With a wonderful old-fashioned hatred like that, a man could get a job with the Festival of Light.

Here We Are Again

The occasional difficulty we have with the Here We Are Again column is how to begin it. There’s always lots of things to tell you about though, if you’re interested in how your paper is getting along. If there are ever any aspects of the paper you particularly would like to know about and see in print and we don’t cover here, all you have to do is drop us a line, addressing it to Here We Are Again. By the way, the problem getting into this piece seems to have been overcome.

Letters

Mentioned in the previous paragraph is a line about writing to us if there’s anything you want to find out about. Whilst on the subject of letters, we at GN have noticed that there has been a general falling off in the amount of correspondence you have been sending us for publication. Maybe the Christmas period had something to do with it. Remember though, the success of the letter page depends entirely on you, our readers. So if you have any comments, criticisms, complaints, information or whatever, you think should appear, don’t hesitate to write to us, stating of course if the letter is for publication or not.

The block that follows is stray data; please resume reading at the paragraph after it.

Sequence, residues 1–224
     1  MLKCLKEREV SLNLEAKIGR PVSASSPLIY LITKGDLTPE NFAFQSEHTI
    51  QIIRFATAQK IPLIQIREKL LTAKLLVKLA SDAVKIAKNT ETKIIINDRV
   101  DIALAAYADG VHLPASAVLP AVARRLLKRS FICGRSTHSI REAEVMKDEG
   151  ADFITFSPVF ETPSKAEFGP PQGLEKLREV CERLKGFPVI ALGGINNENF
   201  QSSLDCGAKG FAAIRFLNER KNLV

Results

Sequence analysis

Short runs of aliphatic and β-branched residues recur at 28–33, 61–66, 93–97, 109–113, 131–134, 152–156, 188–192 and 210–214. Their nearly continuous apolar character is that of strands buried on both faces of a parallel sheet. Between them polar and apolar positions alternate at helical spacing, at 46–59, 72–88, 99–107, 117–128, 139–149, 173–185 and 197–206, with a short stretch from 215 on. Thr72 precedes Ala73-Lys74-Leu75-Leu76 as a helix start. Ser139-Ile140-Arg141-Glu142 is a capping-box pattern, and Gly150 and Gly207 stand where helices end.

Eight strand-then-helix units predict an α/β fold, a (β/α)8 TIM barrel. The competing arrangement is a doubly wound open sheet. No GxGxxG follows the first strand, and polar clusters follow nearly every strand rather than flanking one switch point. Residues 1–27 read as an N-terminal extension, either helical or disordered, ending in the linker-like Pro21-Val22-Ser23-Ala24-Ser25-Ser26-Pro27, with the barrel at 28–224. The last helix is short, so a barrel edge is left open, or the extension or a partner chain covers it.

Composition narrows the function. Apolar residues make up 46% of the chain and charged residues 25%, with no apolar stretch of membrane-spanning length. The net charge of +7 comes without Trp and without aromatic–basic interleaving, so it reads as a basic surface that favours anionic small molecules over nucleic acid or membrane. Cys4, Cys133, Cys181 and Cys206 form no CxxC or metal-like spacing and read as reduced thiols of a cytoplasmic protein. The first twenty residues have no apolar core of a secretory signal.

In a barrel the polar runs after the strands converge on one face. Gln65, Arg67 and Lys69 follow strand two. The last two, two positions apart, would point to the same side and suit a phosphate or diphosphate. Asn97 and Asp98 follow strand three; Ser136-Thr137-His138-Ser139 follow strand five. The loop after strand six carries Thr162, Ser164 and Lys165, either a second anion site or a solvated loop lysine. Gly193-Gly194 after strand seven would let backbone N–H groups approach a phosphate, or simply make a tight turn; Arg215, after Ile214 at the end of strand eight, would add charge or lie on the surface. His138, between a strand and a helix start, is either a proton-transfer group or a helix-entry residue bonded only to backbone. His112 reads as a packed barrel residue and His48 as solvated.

W. H. Smith & Sons